Questions.” Washington, DC: U.S. Department of Homeland Security, 2012.
    41. Federal Emergency Management Authority. “Fiscal Year (FY) 2012 Port Security Grant Program (PSGP) Frequently Asked
    Questions.” Washington, DC: U.S. Department of Homeland Security, 2012.

                                                                          16
Conclusion

Superstorm Sandy provided yet another reminder that New York City is indeed a waterfront town.
Though among its greatest assets, the City’s waterways can place New Yorkers at risk of flooding
during extreme weather and make for dangerous mobility within the urban archipelago both dur-
ing and following emergency events. As a changing global climate produces increasingly volatile
weather patterns, New York City is likely to experience extreme weather events with more fre-
quency and greater intensity, accounting for recurrent disruptions to the safe and efficient trans-
portation systems upon which New Yorkers habitually rely.

From September 11th through Superstorm Sandy, ferries have consistently proven to be the most
resilient and adaptive mode of transportation. Typically the first form of transit to resume service
following an emergency event, and the most flexible to allow for the development of new routes
to hard-hit, transit-poor neighborhoods, ferries must be defined as essential emergency man-
agement assets, and New York City must engage in long-term preparedness planning to ensure
its coastline is sufficiently equipped to facilitate waterborne emergency response. To effect these
critical changes, MWA recommends expanding citywide ferry service, redefining ferry crews as
emergency personnel and compensating them following the fulfillment of emergency response
duties, integrating ferries into the City’s public transit network, and equipping the City with the
ferry assets necessary to facilitate speedy and efficient waterborne emergency response and re-
covery. MWA also proposes that the City seek funding for capital improvements through federal
emergency management grants and coordinate long-term waterfront emergency management
issues through a dedicated division within a newly created Department of the Waterfront. In em-
bracing ferries as fundamental to waterborne emergency management, and incorporating them
into long-term emergency planning processes, New York City can develop a waterfront that is re-
silient to the challenging new realities of the 21st-century metropolis.

                                                 17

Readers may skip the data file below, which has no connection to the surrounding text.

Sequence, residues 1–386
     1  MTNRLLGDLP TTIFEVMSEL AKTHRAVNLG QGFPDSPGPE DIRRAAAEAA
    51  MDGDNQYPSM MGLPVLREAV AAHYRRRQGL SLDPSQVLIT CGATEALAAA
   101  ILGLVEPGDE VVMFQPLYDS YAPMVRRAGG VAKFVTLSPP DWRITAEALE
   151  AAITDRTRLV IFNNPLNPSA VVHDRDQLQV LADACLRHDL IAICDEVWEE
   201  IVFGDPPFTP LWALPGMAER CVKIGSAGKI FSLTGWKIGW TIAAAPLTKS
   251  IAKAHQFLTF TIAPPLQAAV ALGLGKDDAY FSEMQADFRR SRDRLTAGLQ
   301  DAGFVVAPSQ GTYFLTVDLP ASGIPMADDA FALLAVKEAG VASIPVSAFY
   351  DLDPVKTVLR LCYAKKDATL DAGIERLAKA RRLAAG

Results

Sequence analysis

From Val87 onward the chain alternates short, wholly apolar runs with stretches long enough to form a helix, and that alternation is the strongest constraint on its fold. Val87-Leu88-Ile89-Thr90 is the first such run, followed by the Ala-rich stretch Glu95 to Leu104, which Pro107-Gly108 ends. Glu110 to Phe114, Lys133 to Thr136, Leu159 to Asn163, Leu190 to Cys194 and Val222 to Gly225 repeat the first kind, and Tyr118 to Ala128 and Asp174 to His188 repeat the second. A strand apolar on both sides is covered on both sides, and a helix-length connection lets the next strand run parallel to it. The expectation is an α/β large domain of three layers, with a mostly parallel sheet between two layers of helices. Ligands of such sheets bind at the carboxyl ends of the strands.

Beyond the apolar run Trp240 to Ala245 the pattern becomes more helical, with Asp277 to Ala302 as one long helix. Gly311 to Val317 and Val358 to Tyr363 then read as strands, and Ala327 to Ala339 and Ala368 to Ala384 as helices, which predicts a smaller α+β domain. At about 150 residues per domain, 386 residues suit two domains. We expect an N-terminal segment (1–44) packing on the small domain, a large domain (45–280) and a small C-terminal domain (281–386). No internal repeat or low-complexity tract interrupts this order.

Appendices

Appendix 1: The Role of Ferries in Emergency Events

  Emergency Event                        Role of Ferries

  September 11, 2001                     The fall of the Twin Towers necessitated the largest waterborne evacuation in histo-
                                         ry. For two years following the attacks, more than a dozen new ferry routes crossed
                                         the harbor to accommodate increased demand in the absence of PATH service.⁴²

  2003 Northeast Blackout                With power out for 50 million customers from Michigan to Massachusetts, New York
                                         City’s subways, streetlights, and traffic signals failed. In the absence of rail and road
                                         transit, demand for ferry service increased more than fivefold, with NY Waterway
                                         transporting about 170,000 people to New Jersey.⁴³

  2005 Transit Strike                    With MTA employees on strike for three days in late December 2005, ferries became
                                         among the only mass-transit option for entry to and exit from Manhattan. The City
                                         extended service, and ferries saw a ridership uptick of roughly 50%.⁴⁴

  Miracle on the Hudson                  When US Airways Flight 1529 struck a flock of geese, it was forced to make an
  (2009)                                 emergency landing in the middle of the Hudson River. A fleet of NY Waterway fer-
                                         ries raced to the fallen plane and safely rescued all 155 passengers on board.⁴⁵

  Superstorm Sandy (2012)                With many subway lines out of service for a week, and some commuter rails out for
                                         longer, ferries helped restore mobility to neighborhoods across the City.

Appendix 2: Climate Change Projections for New York City⁴⁶

                                         1971-2000              2020s                  2050s                  2080s
                                         (Baseline)